meaning “to straddle”. Worse than tears drown. (Shakespeare – ‘A
Winter’s Tale’)
euphemism an expression to avoid directly saying something dying – kicked the bucket, croaked it
distasteful, unpleasant or confronting redundancies – down sizing, genocide – ethnic
features details of the language used in a text prose – paragraph structure, sentence
construction, punctuation, imagery, word choice
poetry – stanza, imagery, rhyme, rhythm
Term Definition Example/s
figurative language that goes beyond the basic, factual meaning of a See simile, metaphor, personification
language word and makes a comparison that cannot be understood
as really true – See similes, metaphors, personification
form the medium of production. Form can also describe the text spoken, written or visual. News report, drama
type. script …
framing the way that the subject is placed within a visual text
genre categories of literature and films. Each genre has certain science-fiction, westerns, drama, comedy, action,
conventions that influence the composer’s choice of romance, crime …
subject matter, structure and language. The responder’s
understanding of the text is enhanced through
knowledge/expectations of genre conventions.
hyperbole the deliberate use of exaggeration for effect Hot of the press! I’ve told you a thousand times!
icons someone or something that is widely recognised in society Don Bradman, Vegemite
as encompassing valued ideals or attributes
idiom an expression or way of speaking which is peculiar to a He hit the sack. (He went to bed)
language (local people understand it to mean something
other than its literal translation)
imagery when words create a picture in the responder’s mind crisp dry paddocks (gives reader a sense of the
drought conditions)
intertextualit the relationship between other texts similar format or allusion to another text
irony o a tone that indicates that the responder is not intended o sarcasm
to read the text as it appears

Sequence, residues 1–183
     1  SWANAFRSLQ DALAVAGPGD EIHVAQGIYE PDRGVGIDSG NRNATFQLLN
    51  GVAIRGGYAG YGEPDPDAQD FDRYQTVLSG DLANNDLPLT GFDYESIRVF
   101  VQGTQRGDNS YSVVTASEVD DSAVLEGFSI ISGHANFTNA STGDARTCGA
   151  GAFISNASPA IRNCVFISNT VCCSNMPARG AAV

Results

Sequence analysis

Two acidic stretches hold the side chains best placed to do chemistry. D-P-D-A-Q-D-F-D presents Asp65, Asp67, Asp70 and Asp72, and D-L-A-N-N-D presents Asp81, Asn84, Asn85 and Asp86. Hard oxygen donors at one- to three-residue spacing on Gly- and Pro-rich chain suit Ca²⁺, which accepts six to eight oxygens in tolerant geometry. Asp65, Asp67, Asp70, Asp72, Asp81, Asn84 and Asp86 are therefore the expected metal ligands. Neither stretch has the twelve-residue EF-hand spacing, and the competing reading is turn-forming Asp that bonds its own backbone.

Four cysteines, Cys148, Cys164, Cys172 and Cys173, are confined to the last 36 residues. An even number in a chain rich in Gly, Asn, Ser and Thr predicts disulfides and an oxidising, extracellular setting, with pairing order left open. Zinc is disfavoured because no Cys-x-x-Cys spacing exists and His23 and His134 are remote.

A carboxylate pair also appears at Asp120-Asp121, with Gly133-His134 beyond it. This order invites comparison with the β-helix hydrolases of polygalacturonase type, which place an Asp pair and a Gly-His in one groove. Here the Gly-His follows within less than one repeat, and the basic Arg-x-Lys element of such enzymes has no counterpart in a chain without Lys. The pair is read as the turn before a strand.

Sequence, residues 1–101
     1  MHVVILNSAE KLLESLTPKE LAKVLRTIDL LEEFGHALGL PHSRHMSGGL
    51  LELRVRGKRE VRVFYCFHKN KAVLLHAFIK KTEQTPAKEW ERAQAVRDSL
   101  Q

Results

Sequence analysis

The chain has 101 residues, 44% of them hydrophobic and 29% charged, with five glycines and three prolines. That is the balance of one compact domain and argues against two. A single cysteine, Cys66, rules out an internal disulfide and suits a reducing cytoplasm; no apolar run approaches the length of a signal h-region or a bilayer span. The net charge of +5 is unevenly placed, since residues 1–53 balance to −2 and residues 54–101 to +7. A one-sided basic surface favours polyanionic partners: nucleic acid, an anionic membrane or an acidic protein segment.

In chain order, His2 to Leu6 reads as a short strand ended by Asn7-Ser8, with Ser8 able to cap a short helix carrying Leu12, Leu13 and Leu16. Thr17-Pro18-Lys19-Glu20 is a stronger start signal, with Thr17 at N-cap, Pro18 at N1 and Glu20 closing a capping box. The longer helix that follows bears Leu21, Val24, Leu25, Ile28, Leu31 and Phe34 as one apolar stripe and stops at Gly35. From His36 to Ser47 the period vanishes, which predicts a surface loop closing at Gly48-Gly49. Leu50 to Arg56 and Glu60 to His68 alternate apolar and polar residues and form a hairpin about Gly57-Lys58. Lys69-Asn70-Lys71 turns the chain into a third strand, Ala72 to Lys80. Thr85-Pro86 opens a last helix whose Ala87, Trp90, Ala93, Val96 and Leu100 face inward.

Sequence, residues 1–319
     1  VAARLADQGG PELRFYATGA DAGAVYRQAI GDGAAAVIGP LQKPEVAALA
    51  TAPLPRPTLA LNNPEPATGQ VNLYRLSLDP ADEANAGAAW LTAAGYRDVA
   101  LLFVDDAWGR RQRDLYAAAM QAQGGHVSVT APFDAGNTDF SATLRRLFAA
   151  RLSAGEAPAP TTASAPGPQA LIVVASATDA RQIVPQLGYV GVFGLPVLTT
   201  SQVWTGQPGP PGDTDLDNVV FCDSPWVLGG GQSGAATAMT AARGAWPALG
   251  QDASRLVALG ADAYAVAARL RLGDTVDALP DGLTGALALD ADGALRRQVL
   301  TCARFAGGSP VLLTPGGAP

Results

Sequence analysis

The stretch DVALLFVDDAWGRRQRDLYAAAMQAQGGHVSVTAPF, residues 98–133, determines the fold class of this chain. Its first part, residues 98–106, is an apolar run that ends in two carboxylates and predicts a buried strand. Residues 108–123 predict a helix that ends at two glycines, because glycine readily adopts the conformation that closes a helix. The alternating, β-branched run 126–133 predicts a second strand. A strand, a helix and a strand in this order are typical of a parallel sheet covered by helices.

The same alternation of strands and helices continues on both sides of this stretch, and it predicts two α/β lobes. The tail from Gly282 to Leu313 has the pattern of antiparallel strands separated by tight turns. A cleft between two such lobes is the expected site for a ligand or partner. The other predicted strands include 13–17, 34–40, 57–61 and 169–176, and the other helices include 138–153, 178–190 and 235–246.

o dramatic irony o when the audience knows more that some or all
o other types include contradictions of the characters
o a vegetarian who worked at McDonalds, or a
flight attendant who was afraid of enclosed
jargon technical language or words associated with a particular megs, gigs, bits (computer jargon)
topic scoop, stop-press, by-line (journalese)
juxtaposition when two things are placed side-by-side in order to if one needs to consider the concept of darkness
contrast them or draw attention to their differences or one needs to first consider light (to deduce the
similarities absence of light)
metaphor a type of image where something is said to be something The moon was a ghostly galleon
mise-en- how a film/stage scene is physically constructed includes use of lighting, props, costumes,
scene placement of characters, choice of lenses,
placement of cameras
mood the ‘feeling’ or atmosphere of a setting or the text itself. A canoe ride down rapids could be described very
positively and convey an exhilarated mood.
Alternatively the speed, and power of the water
could be described in such a manner as to create a
mood of fear and panic.
motif a recurring subject or theme in a work of art, music or the ‘splashes’ of colour that appear periodically in
literature the dark setting of Gotham City in ‘Batman’
narrator the person or voice who tells the story 1st person – the story is told by a character IN the story
3rd person limited – the story is told by an anonymous voice that
reveals some aspects of the story
3rd person omniscient – the story is told by an anonymous voice that
sees, hears and knows everything about all the characters and their
offer Visual texts in which the figure possesses an indirect gaze
that does not address the reader directly.
onomatopoei where the sound of the word itself imitates the sound bang, thump, screech, clank, pop
a being described
paradox a seemingly contradictory statement that contains a truth you have got to be cruel to be kind
or opinion
parody an imitation or mimicking of a text, especially using The Chook from Snowy River (The Man from Snowy
exaggeration to create humour River)
personificatio giving human qualities/characteristics to non-human the icy fingers of the wind
n objects
perspective the angle from which you view a text looking over the shoulder of one character to see
the face of another
protagonist central or main character the hero or subject of the text